[Amel Yacht Owners] Lifeline AGM 105 AmpHr Battery Replacement Procedures


James Alton
 

Bill,

   The only thing that I can think of to add would be to insure that the new batteries were individually all at a similar state of charge before connecting them.  It might also be a good idea to do a load test on each individual battery before connecting them together to ensure that they all seem healthy.  Most auto parts stores have a load tester if you do not have one yourself.  I am sure that one of the battery experts on the forum will step in to help you further.  Best of luck.

James

SV Sueño
Maramu #220

On Jan 7, 2018, at 1:51 PM, pacificcool@... [amelyachtowners] <amelyachtowners@...> wrote:


My 8 Lifeline AGM 105 AmpHr batteries are pretty much gone so I've ordered 8 new GPL-31T 105 Am Hr batteries from DC Battery in Fort Lauderdale and had them air air shipped to Trinidad.  The cost of the batteries was $2524 and shipping was $680.  If I had shipped by sea it would have cost about $200 but  could not find anyone to receive them in Trinidad if I wasn't there.  The air shipment was handled by Ezone.  The contact for Ezone is Paul Pantin, tel: 868-620-6135. I am happy with the service from DC Battery and Ezone.  Even with the air freight it was cheaper than buying them either in Trinidad or Grenada.  FYI, each battery weighs 70 pounds.


My question involves how to actually replace them.  I plan to take a picture of the existing battery installation for reference.  Then I will use masking tape to label each battery with a number and each cable (at both ends) with the number of the battery to which it is attached including whether it's the plus or minus terminal. Next I will take a picture of the labeled installation or simply make a diagram on paper.   Then I will disconnect the batteries with the big red handles in the pilot berth and turn off all power to the boat.  After that I will remove the batteries, inspect each cable and their termin als for corrosion, looseness etc and repair as required.  Next I will position all 8 batteries in place and reconnect all the cables using the photo or diagram.  Next I will ask the boss to check that everything is correctly connected per the diagram.  Once that is conformed I will close the red battery handles and restore boat power.  If all is OK, I will turn on the battery charger and fully charge the batteries,  Lastly, I will check that the vent line is clear.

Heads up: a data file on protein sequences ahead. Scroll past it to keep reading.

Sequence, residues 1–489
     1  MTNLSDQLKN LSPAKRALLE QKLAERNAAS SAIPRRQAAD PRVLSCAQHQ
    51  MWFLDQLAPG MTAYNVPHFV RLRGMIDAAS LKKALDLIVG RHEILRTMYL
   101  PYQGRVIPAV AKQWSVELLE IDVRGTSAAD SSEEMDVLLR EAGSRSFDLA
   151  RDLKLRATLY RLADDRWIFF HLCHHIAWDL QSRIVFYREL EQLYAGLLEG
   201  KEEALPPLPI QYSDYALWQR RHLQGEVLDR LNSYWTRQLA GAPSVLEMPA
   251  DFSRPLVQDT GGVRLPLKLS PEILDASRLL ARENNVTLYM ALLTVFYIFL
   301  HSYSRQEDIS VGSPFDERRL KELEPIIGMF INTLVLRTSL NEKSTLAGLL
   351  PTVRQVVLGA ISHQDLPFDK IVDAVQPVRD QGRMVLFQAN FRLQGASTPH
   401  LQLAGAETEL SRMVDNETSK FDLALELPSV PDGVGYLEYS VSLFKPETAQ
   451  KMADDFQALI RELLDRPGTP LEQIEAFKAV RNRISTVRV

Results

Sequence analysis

I ask any of you electrical experts if my plan is sound or if you think i have overlooked something.  My past experience with b attery replacement is a 6 volt  battery on a 51 Ford in 1959 and a 6 volt battery on a 1959 BMW R50 motorcycle.  I included the purchase and shipment details in case anyone else is considering battery replacement in the Caribbean.  Any comments or suggestions will be appreciated.  


Best Regards,

Bill Shaproski

S/V Pacific Cool 

 



mfmcgovern@...
 

Bill,

Your plan looks sound.  I replaced the 12 batteries in my SM2k last year and followed a similar procedure.  I agree with James that it would be best to load test each battery before installing them to make sure they are all good batteries.  People have reported getting "bad" new batteries.  Ideally, this would be done BEFORE they are shipped out to you.  If you cannot get a real load test done, get your hands on something like this:  https://www.amazon.com/BA7-100-1200-Electronic-Battery-System/dp/B0015PI7A4  Bill Rouse (ex BeBe) recommended this device to me and I'm quite happy with it.  When I replaced my batteries I had the battery shop load test each battery in my presence using their real load tester and then I used my BA7.  It was within a few % points of the "real" load tester.

I have taken your plan, put it into numbered steps and added a few suggestion below in RED:

1.  Take several pictures of the existing battery installation for reference.  
2.  Use masking tape to label each battery with a number and each cable (at both ends) with the number of the battery to which it is attached including whether it's the plus or minus terminal. 
3.  Take several pictures including one of each "pair" of the labeled installation and make a diagram on paper. 
4.  Turn off all power to the boat including the Permanent +12v for the radio (assuming you have this).
5.  Disconnect the batteries with the big red handles in the pilot berth.  
6.  Remove the batteries, inspect each cable and their terminals for corrosion, looseness etc and repair as required.  
7.  Clean all the battery cable terminals with sandpaper.
8.  Replace all 8 batteries in place and reconnect all the cables using the photos and diagram as a reference.
9.  Use come Corrosion X on each of the battery terminal before replacing the plastic caps. 
10.  Ask the boss to check that everything is correctly connected per the diagram and pictures.  Lucky for me my boss is an Electric Power Engineer!
11.  Use a multimeter to confirm that each of the four pairs of batteries is indeed 24 volts (assuming you have an SM and your batteries are wired in +24v series/parallel configuration) 
12.  Close the red battery handles and restore boat power.  
13.  If all is OK, turn on the battery charger and fully charge the batteries.
14.  Check that the vent line is clear.

Good luck!

Mark
SM #440 Cara
Deale, MD USA